I’ve had the luck and luxury of traveling to Japan in my previous life for work. Those trips were intense, scary, interesting, and took me way out of my comfort zone. Hopefully they were also productive and meaningful for my past employer and for the Japanese folks I met and worked with when I was there.
When I traveled for work I met a lot of Japanese from my company who tried to teach me a bit about their country, their culture, and their way of doing things. Unfortunately for me, I was there, to a large extent, to try to get them to do some things differently, which didn’t always go over very well.
This trip was totally the opposite of work. I was there to learn and enjoy. I wanted to learn their culture, see their history, take in their architecture, and learn about their food – the way they cook, serve, and eat it. I was able to accomplish most of what I set out to do, and in addition I was able to spend time with an interesting Japanese person I’d met through social media who had a common interest in photography, Canada, and the Philippines.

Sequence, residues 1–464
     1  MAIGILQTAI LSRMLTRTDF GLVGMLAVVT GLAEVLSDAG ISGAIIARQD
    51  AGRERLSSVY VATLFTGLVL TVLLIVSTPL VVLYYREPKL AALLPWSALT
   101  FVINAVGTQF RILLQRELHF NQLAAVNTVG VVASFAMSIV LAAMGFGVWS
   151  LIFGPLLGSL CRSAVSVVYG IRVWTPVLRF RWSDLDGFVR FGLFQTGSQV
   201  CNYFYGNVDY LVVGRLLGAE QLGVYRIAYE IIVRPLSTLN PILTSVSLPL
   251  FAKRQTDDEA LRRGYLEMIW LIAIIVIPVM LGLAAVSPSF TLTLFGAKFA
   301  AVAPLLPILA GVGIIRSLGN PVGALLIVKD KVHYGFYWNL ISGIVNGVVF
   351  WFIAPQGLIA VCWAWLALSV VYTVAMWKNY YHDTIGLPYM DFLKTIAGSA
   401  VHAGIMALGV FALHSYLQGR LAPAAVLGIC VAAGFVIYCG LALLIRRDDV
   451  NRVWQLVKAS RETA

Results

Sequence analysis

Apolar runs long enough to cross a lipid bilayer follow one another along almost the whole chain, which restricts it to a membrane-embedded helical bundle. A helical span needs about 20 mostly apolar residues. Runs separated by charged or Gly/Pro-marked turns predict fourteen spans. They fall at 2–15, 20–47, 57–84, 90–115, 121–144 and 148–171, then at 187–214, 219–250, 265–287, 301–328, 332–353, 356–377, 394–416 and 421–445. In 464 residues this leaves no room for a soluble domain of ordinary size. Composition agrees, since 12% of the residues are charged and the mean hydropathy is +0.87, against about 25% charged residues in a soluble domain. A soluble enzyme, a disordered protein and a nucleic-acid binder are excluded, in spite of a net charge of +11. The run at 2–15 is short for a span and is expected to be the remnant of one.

I began the trip in a place that was familiar to me in name and by its rail station, but not much else. If you’re staying in Tokyo, it’s a place I highly recommend – Shinjuku. I am familiar with Shinjuku because it is a (the?) major commercial and administrative center in Japan and, as I understand it, has the busiest rail station in the world, named aptly, Shinjuku Station. Shinjuku is one of the liveliest areas of Tokyo for nightlife, lights, food, and shopping. Read more here…